Back in late December, Mikel Arteta made his home managerial debut, leading a team that had won just once in their previous fourteen competitive matches. Though Arteta would lose on his home bow, a 2-0 victory over Manchester United just three days later marked the start of a run where Arsenal would lose just once in thirteen outings:


Nonetheless, Arsenal still found it difficult to shake off their tag of draw specialists. Naturally, Arteta’s appointment was never designed to mark the start of a revolution – it merely served to restore the team’s spirit. Even so, his first transfer window will be a watershed moment, at which time any judgements in his favour or against him will gain additional ammunition.

With Arteta given little time to reverse the effects of Arsenal’s winter decline, which saw the Gunners’ pre-match Premier League moneyline betting prices lengthened to unfamiliar extents, his first summer transfer window will at least come as a huge relief. Certainly, the uncharacteristically high concentration of draws in late winter was suggestive of a need for new personnel in the final third.

A man duty-bound to seek talent in diverse places, Arteta may well find himself able to use his Basque origins to do just that. Such is the feeling of brotherhood amongst Basque teams, managers of English clubs do not look to them particularly often, especially with Spain’s ‘big three’ holding a long-standing monopoly over the league.

Nonetheless, there are two major names from the Basque country that Arteta would be foolish to overlook, and this is how they compare:


A prize inside a closed shop

Athletic Bilbao, for traditional reasons, would be hardest for Arteta to crack in any transfer window. Well-known for representing a club that exclusively nurtures and fields Basque players, Bilbao coaches have never allowed a key component within the pride of Lions depart for foreign shores easily. With little room for new importts in that regard, this stoic approach is a double-edged sword, and Bilbao entered March in mid-table, and only just still in contention for a European berth.

As ever, Inaki Williams remains Bilbao’s MVP, and the only player on the roster Arteta would likely consider. Indeed, he was linked with Arsenal (and Liverpool) back in 2016, but such a move never progressed beyond idle newspaper hearsay. Such a move might yet resurface in the context of Arsenal’s plight, and demon speed is well-known over in Spain to be Williams’ main asset.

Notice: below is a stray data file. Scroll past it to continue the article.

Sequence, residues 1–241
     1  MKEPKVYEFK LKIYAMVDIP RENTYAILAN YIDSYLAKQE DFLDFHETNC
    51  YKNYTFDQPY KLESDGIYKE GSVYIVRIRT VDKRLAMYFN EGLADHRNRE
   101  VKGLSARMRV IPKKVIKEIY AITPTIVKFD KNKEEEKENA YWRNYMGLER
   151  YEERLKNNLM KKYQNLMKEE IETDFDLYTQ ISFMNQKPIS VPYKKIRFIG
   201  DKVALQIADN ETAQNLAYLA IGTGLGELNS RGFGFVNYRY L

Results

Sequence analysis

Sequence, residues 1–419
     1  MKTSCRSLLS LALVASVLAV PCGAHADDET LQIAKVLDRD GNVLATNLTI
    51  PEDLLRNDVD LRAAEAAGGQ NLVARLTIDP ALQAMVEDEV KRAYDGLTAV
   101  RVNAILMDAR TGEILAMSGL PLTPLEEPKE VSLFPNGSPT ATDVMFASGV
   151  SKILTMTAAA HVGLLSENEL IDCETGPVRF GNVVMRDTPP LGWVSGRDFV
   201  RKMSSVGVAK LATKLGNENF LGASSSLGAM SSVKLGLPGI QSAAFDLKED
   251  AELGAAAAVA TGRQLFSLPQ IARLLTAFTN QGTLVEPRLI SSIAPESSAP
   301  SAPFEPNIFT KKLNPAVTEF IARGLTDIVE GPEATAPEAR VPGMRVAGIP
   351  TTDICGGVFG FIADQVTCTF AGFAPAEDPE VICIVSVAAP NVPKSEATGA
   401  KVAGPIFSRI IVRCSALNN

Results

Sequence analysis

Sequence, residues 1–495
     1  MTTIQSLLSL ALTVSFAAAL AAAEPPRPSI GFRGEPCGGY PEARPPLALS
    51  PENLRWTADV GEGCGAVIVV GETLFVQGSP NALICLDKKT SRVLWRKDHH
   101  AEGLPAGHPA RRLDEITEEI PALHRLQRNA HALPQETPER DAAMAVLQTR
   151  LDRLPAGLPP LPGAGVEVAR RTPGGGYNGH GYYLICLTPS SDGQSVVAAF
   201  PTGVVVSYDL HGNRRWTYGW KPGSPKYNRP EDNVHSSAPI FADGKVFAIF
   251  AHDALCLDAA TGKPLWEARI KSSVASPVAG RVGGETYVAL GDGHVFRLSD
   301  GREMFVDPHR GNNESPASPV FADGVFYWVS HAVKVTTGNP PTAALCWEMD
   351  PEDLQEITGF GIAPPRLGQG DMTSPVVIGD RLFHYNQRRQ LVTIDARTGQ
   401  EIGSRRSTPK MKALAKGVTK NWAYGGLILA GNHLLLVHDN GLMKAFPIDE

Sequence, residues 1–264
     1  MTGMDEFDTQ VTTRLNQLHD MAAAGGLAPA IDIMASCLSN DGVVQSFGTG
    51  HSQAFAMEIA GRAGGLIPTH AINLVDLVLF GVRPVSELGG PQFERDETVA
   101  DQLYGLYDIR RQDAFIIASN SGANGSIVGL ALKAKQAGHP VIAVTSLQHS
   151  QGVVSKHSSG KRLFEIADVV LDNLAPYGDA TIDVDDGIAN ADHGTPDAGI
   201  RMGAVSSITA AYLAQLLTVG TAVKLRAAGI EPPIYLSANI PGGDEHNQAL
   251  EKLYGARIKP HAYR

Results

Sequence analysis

Williams’ finest moment of 2019/20 saw him score a decisive Copa Del Rey quarter-final winner against Barcelona.

Sociedad waters run deep

Realistically, it is only Arteta’s old club Sociedad that presents the only potential opportunity for him to exploit his origins and potentially gain favour amongst any competition. Having himself joined Everton from Sociedad in 2005, Arteta knows first-hand the rigours of defecting from a Basque team to the Premier League.

Against prior odds, Sociedad entered March in firm contention for a top-four finish, giving the squad an unprecedented amount of attention. Despite this, there is – as is the case with Bilbao – only one Sociedad player that could truly make a name at the Emirates. That man is Mikel Oyarzabal, who is currently a vice-captain of Sociedad despite being just 22 years old.

At the end of October, there was talk of him potentially joining Manchester City in the January 2020 transfer window, to be mentored by Pep Guardiola, with Arteta still his deputy at that point. By the same point, Oyarzabal had completed the third-most take-ons in the 2019/20 La Liga campaign, in a stat that suggests he would offer any team with problems on the ball during crucial attacking phases a lift.

Concrete rumours have yet to surface, but Arteta’s next transfer window will be the prime time to poach Oyarzabal. A hit-rate of roughly one-in-three speaks volumes about his tenacity, and represent a very encouraging tally of a winger with years of growth ahead of him.

Oyarzabal hit a double in a 3-0 Basque derby win over CD Alaves back in September.

Moves for Eibar or Alaves talent unlikely

Alaves’ only forwards of note are – if nothing else – veterans of the Premier League. Together, Joselu and Lucas Perez (transferring from Newcastle and West Ham respectively) notched a combined total of twenty league goals between them in the first seven months of the 2019/20 campaign.

The fact that their goals were only enough to lift Alaves to 14th by March is an impressive testament to their abilities in fronting a poor team, but Arsenal will rightly have ambitions greater than targeting bit-players who never truly found a home in the highly-physical Premier League. Indeed, such men would be backup to Arsenal’s usual front men at best.

SD Eibar currently stand as the weakest team from the Basque region, entering March no better than around +500 to suffer relegation. In Fabian Orellana and Charles, there are players sufficiently talented to give most La Liga teams a game, but both men are now in their mid-30s and perhaps closer to the traditional MLS career finale rather than a shock move to the Premier League.